Less than a year after he resigned from the bench when it was revealed a grand jury was investigating his conduct, former Washington County Judge Paul Pozonsky returned to the area from his new home in Alaska to face accusations he stole cocaine evidence from criminal cases he presided over.
Pozonsky, 58, was charged on May 23 with conflict of interest, theft, obstruction of justice, possession of a controlled substance and misapplying entrusted government property, and has since waived all pretrial hearings as he prepares his case for trial in 2014.
The state attorney general’s investigation and subsequent charges were a shocking fall from grace for the long-time and well-respected jurist.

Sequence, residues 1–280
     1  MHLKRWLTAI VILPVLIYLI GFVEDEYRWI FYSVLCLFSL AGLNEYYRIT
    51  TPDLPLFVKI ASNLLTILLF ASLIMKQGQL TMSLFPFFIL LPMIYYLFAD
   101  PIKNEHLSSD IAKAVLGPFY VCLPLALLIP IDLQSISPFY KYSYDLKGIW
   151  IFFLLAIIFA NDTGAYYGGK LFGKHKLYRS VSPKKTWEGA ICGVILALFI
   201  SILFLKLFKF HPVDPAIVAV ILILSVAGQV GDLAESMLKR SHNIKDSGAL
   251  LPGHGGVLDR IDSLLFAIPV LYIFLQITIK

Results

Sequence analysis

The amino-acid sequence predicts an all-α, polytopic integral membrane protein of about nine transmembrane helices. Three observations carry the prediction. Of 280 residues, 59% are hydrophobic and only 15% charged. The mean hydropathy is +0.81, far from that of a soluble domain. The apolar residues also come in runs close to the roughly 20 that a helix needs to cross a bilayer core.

Pozonsky, who grew up in the Cecil Township village of Muse, started his judicial career as a district magistrate in 1984. He spent 13 years working in the McDonald and Cecil areas before winning a seat as a Washington County Common Pleas Court judge in 1997. He won re-election to another 10-year term in 2007, but trouble soon followed.
In the spring of 2011, former District Attorney Steve Toprani said he heard from various sources of “curious practices” about how evidence in Pozonsky’s courtroom was being handled. Toprani eventually referred the matter to the state attorney general’s office, which launched the grand jury investigation.
In May 2012, the drug treatment program Pozonsky started years before was temporarily shut down and President Judge Debbie O’Dell Seneca suspended him from hearing any criminal cases. Pozonsky resigned from his seat on June 27, 2012, and moved to his new home near Anchorage, Alaska, with his wife, Sara.
Pozonsky is believed to still be living there while out of jail on $25,000 unsecured bond. A trial date has not yet been set.